2012 Coastal Master Plan Offers Long-Term Vision, Flexibility for Louisiana
By Scott Madere, Coalition to Restore Coastal Louisiana
The release of the 2012 Coastal Master Plan by the Coastal Protection and Restoration Authority of Louisiana is a major milestone in the effort to protect and restore our coastal wetlands. While it is not the first long-range plan for addressing the issue of coastal land loss, it is the best strategic approach we have to date for guiding Louisiana through this very complicated process. And it is the first official plan that makes the hard choices that we have avoided for so long, but which we all knew had to be made. Grounded in scientific research, adaptive in structure and specific in its recommendations, the 2012 Coastal Master Plan builds on the state’s previous plans and elevates its strategy into a coordinated vision of efficiency and flexibility.
The 2012 Coastal Master Plan is an update to Louisiana’s coastal restoration policy that is mandated by the Louisiana Legislature every five years. The first Master Plan, released in 2007, outlined what needed to be done to protect and restore Louisiana’s coast in a broad, general way. 2012’s Master Plan differs from its predecessor, building upon it by listing specific projects with specific goals. Not only does the 2012 Coastal Master Plan reveal WHAT to do about coastal land loss, it reveals HOW to specifically address the issue.
The 2012 plan is science-driven and technically robust as it relates to the evaluation and selection of coastal restoration and risk reduction projects. For the first time, we have a Master Plan that accounts for obstacles that might get in the way of these projects: funding, delays and the availability of resources, among other setbacks. The 2012 Coastal Master Plan will also adapt when it comes to the success or failure of a particular project. If a technique is working, it can become a greater part of the strategy. If it is not performing as expected, the plan incorporates adaptive management to make corrections. The flexibility of this latest master plan is a defining element of its construction. It is not a static document.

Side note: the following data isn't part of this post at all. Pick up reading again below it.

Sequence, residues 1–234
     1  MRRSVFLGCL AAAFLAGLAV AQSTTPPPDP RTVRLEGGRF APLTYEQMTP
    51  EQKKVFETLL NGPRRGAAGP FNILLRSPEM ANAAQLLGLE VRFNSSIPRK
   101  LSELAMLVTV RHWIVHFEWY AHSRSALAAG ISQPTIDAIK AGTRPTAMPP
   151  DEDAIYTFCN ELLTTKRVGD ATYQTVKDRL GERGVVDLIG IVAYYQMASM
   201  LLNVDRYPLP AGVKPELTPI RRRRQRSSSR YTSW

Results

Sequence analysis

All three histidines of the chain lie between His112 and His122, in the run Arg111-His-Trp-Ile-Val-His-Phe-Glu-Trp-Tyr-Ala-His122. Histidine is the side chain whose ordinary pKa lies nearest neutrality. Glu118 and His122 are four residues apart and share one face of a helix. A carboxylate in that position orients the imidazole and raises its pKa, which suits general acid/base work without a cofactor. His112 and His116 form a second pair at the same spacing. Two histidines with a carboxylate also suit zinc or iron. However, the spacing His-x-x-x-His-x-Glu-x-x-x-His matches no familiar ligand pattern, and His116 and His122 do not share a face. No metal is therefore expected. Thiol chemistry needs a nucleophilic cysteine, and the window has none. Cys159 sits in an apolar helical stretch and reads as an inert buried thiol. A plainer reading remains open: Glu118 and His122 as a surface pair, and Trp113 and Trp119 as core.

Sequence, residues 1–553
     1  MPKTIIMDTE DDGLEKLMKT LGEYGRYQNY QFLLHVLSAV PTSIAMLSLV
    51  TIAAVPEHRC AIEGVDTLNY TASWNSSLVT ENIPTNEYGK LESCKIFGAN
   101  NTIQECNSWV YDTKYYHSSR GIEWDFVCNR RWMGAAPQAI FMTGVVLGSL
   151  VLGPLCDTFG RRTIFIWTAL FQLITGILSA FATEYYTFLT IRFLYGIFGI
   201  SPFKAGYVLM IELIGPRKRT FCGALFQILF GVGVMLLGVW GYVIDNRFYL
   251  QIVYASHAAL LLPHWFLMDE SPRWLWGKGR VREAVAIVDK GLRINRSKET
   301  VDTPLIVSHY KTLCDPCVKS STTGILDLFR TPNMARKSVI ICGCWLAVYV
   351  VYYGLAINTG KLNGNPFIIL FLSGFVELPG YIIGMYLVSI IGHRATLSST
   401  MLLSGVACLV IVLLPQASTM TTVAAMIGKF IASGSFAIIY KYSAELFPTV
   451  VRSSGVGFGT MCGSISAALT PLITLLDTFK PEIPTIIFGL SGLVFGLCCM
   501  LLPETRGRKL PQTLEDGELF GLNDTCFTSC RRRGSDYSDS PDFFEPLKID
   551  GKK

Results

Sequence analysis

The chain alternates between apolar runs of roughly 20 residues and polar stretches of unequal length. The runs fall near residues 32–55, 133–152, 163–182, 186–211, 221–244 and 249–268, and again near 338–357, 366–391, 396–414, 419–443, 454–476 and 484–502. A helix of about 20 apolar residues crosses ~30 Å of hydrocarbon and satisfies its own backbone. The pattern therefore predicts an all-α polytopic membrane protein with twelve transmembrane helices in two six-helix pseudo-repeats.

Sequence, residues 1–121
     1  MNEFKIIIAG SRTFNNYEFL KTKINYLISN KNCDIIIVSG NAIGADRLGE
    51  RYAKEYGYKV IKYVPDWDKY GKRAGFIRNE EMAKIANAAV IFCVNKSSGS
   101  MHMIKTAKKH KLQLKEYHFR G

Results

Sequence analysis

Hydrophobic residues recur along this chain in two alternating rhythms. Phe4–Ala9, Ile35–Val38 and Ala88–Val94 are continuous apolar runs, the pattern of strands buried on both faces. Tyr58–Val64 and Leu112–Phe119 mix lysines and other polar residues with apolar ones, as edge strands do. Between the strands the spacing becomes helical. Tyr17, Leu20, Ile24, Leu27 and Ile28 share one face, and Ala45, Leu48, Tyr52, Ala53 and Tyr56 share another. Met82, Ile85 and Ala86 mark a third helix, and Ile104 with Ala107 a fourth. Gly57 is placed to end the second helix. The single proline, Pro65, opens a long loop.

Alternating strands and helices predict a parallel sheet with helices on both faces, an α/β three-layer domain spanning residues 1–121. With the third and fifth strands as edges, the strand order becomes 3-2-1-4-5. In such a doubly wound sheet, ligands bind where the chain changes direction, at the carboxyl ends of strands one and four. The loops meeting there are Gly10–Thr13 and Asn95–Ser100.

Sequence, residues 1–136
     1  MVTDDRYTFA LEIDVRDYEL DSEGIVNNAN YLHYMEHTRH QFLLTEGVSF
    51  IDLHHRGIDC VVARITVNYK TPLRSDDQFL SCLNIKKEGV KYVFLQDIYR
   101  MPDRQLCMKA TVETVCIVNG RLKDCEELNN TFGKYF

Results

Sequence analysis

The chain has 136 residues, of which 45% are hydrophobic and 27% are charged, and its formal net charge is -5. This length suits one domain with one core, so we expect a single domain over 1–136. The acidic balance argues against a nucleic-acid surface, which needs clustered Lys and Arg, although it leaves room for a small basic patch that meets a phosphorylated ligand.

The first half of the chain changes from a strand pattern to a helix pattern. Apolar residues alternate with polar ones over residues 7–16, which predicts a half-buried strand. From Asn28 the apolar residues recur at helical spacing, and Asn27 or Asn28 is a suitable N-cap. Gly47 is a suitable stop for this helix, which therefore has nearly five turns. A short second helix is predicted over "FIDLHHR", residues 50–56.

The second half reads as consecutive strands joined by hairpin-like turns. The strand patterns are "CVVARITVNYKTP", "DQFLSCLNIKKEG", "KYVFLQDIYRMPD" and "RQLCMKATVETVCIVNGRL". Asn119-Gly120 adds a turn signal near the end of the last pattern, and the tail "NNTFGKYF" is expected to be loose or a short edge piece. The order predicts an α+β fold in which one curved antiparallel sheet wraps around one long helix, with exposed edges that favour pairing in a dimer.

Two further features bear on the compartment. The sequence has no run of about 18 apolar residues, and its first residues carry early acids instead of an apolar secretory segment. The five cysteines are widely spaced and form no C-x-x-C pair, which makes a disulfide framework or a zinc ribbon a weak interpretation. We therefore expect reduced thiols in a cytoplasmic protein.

This is a particularly important trait as the 2012 Coastal Master Plan is a long-range road map. It is intended to provide coastal restoration vision for the next 50 years. During that time, there will be tremendous uncertainties in funding for these projects. Because of this, the 2012 plan has the flexibility to account for a wide range of funding scenarios. It can change over time.
The availability of resources, funding and time to implement projects also comes into play with regard to the actual recommendations in the plan. Hard choices had to be made, and are still to come, in the structure of the 2012 Coastal Master Plan. Within the document, the state of Louisiana acknowledges that victories in coastal restoration will also have to come with sacrifice. Not every community will receive the same level of protection, and not every bit of coastline will receive attention from the Master Plan. The state will attempt to implement projects that benefit the most people with the least amount of adverse impact.
While it may not be possible to restore the Louisiana coast to what it was 100 years ago, the 2012 Coastal Master Plan will put the state on track to achieving a sustainable coast. With the release of this
plan, the state of Louisiana has taken a big step forward with producing a coordinated, scientific, objective set of projects. This is a Master Plan not intended to serve as the final word, but rather the foundation of our coastal restoration strategy.
Scott M. Madere is the director of communications for the Coalition to Restore Coastal Louisiana (CRCL). To find out more about CRCL’s commitment to preserving and restoring the Louisiana coast, visit www.crcl.org.